For others, Israel may have a right to exist, but its occupation of the West Bank and other crimes against the Palestinians have deprived it of just grounds for war when Palestinians attack it. People in this camp attack any use of force by Israel as lacking jus ad bellum, basically because they think Israel has forfeited its jus by its occupation and settlement policy. This is where a lot of the non-Muslim European left comes out and it is why they are so quick to attack Israel for a war which, after all, was triggered by rockets from Gaza landing in Israel.
But more moderate critics of Israel (including many Israelis) focus on jus in bello, and in particular they look at the question of proportionality. When the Palestinians flick a handful of fairly crude rockets at random across Israel, these critics say, Israel has a right to a kind of pinprick response: tit for tat. But it isn’t entitled to bring the full power of its industrial grade air force and its mighty ground forces into an operation designed to crush Hamas at the cost of hundreds of civilian casualties. You can’t fight slingshots with tanks.
For many people around the world, this seems patently obvious: Israel has a right to respond to attacks from Hamas but it doesn’t have an unlimited right to respond to limited attacks with unlimited force. Israeli blindness to this obvious moral principle strikes many observers as evidence of hardheartedness and national moral decline, and colors their perceptions of many other Israeli policies.
The whole jus in bello argument sails right over the heads of most Americans. The proportionality concept never went over that big here. Many Americans are instinctive Clausewitzians; Clausewitz argued that efforts to make war less cruel end up making it worse, and a lot of Americans agree.
Many Americans consider the classic concept of proportionality – that the violence used must be proportional to the end sought – as meaningless when responding to attacks on the lives of citizens because the protection of citizens from armed and planned attacks is of enough importance to justify any steps taken to ensure that the attacks end.
From this perspective, the kind of tit-for-tat limited warfare that the advocates of just and proportionate warfare would require is a recipe for unending war: for decades of random air strikes, bombs and other raids. An endless war of limited intensity is worse, many Americans instinctively feel, than a time-limited war of unlimited ferocity. A crushing blow that brings an end to the war – like General Sherman’s march of destruction through the Confederacy in 1864-65 – is ultimately kinder even to the vanquished than an endless state of desultory war.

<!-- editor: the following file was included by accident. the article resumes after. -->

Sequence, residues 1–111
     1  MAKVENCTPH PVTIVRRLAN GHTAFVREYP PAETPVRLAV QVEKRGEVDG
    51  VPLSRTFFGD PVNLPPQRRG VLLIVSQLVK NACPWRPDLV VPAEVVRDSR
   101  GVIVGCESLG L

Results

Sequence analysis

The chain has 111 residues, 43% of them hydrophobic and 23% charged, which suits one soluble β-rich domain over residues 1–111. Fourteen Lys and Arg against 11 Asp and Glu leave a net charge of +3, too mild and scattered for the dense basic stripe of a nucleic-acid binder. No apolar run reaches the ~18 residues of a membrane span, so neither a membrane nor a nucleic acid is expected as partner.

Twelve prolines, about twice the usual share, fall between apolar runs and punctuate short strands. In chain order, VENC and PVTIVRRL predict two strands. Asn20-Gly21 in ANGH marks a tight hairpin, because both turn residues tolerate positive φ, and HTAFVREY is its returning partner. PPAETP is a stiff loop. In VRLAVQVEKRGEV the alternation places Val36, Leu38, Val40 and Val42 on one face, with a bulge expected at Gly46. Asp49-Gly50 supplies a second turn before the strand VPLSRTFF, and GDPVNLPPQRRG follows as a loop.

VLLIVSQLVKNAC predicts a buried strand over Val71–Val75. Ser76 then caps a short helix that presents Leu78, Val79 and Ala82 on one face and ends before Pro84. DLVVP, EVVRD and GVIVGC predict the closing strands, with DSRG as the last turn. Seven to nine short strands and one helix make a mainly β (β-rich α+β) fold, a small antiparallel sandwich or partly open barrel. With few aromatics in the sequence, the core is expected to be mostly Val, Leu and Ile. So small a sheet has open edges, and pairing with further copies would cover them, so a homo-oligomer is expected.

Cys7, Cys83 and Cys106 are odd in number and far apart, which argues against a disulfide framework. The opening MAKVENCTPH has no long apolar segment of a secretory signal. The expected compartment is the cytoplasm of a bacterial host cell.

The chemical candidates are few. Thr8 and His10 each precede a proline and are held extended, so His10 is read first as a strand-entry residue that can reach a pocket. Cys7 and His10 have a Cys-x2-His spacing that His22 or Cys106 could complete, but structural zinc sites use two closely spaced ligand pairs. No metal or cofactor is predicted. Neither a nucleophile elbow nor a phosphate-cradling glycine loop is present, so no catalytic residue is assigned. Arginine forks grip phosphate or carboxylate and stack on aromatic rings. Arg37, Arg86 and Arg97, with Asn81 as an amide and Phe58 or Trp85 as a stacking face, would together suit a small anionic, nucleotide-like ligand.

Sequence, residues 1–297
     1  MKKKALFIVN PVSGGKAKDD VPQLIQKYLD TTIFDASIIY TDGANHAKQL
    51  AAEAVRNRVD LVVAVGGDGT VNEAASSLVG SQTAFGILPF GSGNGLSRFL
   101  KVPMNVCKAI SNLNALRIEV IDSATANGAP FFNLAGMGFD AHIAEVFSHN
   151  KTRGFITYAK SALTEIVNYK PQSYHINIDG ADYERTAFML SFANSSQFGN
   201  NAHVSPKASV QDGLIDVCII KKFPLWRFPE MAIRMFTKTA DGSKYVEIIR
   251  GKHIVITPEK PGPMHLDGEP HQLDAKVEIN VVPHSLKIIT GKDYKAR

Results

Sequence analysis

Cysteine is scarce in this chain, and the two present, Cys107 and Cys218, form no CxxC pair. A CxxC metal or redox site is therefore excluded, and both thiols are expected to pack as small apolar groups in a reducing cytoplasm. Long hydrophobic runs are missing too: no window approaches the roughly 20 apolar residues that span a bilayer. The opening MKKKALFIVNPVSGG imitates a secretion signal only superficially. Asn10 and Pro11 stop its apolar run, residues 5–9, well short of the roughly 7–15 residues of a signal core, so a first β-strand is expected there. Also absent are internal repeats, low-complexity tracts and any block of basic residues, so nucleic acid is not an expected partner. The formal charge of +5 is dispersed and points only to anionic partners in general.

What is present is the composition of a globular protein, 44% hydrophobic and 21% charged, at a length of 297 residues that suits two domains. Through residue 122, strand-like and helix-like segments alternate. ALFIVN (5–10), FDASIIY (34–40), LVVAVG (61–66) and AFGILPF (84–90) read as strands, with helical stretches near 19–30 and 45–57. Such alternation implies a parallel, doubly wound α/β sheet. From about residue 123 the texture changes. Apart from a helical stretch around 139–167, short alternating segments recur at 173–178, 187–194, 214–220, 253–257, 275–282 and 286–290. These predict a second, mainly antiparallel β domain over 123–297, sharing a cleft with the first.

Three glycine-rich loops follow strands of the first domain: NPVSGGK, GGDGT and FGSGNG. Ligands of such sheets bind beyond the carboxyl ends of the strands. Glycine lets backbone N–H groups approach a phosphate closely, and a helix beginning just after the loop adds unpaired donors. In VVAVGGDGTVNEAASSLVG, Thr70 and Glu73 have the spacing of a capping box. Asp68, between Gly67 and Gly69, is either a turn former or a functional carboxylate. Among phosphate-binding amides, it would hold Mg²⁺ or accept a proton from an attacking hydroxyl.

The European just war tradition springs in part from the reality that historically in Europe war was an affair of kings and rulers that hurt the little people without doing anything for them. Peasants really didn’t care whether the Duke of Burgundy or the Count of Anjou was recognized as the rightful overlord of their village, and moralists and theologians worked to limit the violence that the dukes and the counts and their henchmen wreaked on the poor peasants caught up in a quarrel that wasn’t theirs.
With no feudal past in this country, Americans have tended to see wars as wars of peoples rather than wars of elites and in a war of peoples the distinction between legitimate and illegitimate targets tends to collapse.
The German civilian (male or female) making weapons for Hitler’s Wehrmacht was as much a part of the enemy’s war-making potential as the soldier at the front. Furthermore, in a war of peoples in which civilians are implicated in the conflict, the health and morale of the civilian population is a legitimate target of war. This justified the blockades against the Confederacy and against Germany and German-occupied Europe during the world wars, and it also justified the mass terror bombing raids of World War II in which the destruction of enemy morale was one of the stated aims.
This is the same logic by which someone like Osama bin Laden could justify his attacks on civilians at the World Trade Center, and it is the fundamental logic behind Hamas’s indiscriminate attacks on Israeli civilian targets. Americans don’t like it when their enemies use this kind of logic, but it is a type of warfare they understand and they have fought and won enough of these wars in the past to be ready if necessary to do it again.
About the Author: Walter Russell Mead is James Clarke Chace professor of foreign affairs and humanities at Bard College. His blog, Via Meadia, appears at blogs.the-american-interest.com, where this essay was originally published.
If you don't see your comment after publishing it, refresh the page.